You have to ask him, I guess, but he tells me that it sounds nice when I play it for him. But then again he is a very nice and humble man so maybe he just don’t want to hurt my feelings. 😉 No seriously, my father has always been interested in my music since I became a pro and we talk a lot about different music when we meet. Most of the time we discuss classical music and Jazz though.
Is “Pictures From A Time Traveller” a good indicator of the kind of music you like to create?
Yes I would say so but if I had recorded it today it would have been different. This album has opened a door for me and I want to continue this journey for a long time. I think that if I will have the opportunity to do another album that one will be more “old school” sound wise but then again you never know until you start the writing process. For me it is very important that music is emotional. The technical stuff is only relevant if it adds emotions to the music. I get very bored when I listen to musicians that just play phrases and things that they have learned by practicing.
I think that it is important to create in the moment now and then. Take the plunge you know!Sometimes it will sound bad but sometimes you will find things you never thought you could come up with and that’s what I live for I guess.
Going back to your childhood, did you have a rich musical upbringing?
There was always music around in my home. My father says that I sang before I could talk.
What were the first bands you liked?
Saxon, Iron Maiden when I was 6 years I guess and then I started to listen to Led Zeppelin, Jimi Hendrix, Deep Purple and so on. I remember the first time I heard Dio, it was the Holy Diver album and I thought it was the best thing I ever heard. Then of course Yngwie Malmsteen, he was the reason I started to practice extremely much because I read that he did that. I have been listening to so much different music when I grew up. As a teenager I listened a lot to Metallica, Miles Davis,m Charlie Parker, Bach, Elvis, Santana, Joe Satriani, Yngwie, Johnny Winter, Muddy Waters, Folk Music from around the world and so much more different music and genres, I have always been very interested in trying to understand all kinds of music. As long as it touches my heart I like it.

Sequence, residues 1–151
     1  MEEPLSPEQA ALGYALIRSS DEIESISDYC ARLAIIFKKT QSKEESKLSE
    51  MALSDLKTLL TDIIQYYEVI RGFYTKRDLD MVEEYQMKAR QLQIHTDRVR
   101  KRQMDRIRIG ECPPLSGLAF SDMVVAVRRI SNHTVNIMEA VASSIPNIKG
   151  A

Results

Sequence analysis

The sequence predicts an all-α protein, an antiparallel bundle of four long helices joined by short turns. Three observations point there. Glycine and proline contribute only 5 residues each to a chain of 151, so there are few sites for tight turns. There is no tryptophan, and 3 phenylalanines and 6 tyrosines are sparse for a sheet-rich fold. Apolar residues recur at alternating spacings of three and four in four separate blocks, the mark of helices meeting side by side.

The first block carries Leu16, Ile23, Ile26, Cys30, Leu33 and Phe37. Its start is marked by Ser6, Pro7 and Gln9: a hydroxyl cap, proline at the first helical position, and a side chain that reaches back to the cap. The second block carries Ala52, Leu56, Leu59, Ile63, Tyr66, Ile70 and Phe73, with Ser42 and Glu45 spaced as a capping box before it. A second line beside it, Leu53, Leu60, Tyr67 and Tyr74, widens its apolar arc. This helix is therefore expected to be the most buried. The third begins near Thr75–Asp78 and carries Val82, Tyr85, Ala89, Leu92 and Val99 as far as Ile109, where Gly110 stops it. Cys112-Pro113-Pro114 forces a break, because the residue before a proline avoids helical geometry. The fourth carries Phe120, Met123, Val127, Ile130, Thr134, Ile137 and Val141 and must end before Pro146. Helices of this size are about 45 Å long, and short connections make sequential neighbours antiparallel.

What made you take up guitar?
The sound of distortion!! The first time I heard a distorted guitar I knew that I had to learn to make these sounds.
When do you realise you had enough skill to make a living from the instrument?
For me it never was a choice I just had to play music.
What guitars, amps and effects did you use on the album?
Marshall Amps. JVM 210H, 900 Modified by Tommy Folkesson and a Marshall Plexi.
Pedals like: Ibanez Tube Screamer DLX, EP Booster, Bigg Muff, Hot Cake, MXR phase 90, YJM308, Cry Baby and a lot more.
Caparison guitars, Gibson, Fender, W.Carter guitars.
What do you personally look for in a guitar and amp?
I want the amp and guitar to have dynamics and warmth.
Do you have a preferred mic’ing technique?
No, I try different things a every time. I try to find the sound when I record so I don’t have to do so much in the mix later. For me it’s about “playing in the music” while recording. If I manage to do that it usually works out good. It’s more about the performance then about the things you use actually.
Looking ahead, what do you have planned for the rest of 2013 and beyond?
If I can make a wish I really hope that this album will sell good so that I can do some live gigs with the material!!!
Anything else you’d like to add?
I want to thank Lion Music for releasing this album and please check out my Facebook if you want more info:
Marcus, many thanks for your time.
Thank YOU very much!!
- Marcus Jidell – Pictures From a Time Traveller (virtuosityone.com)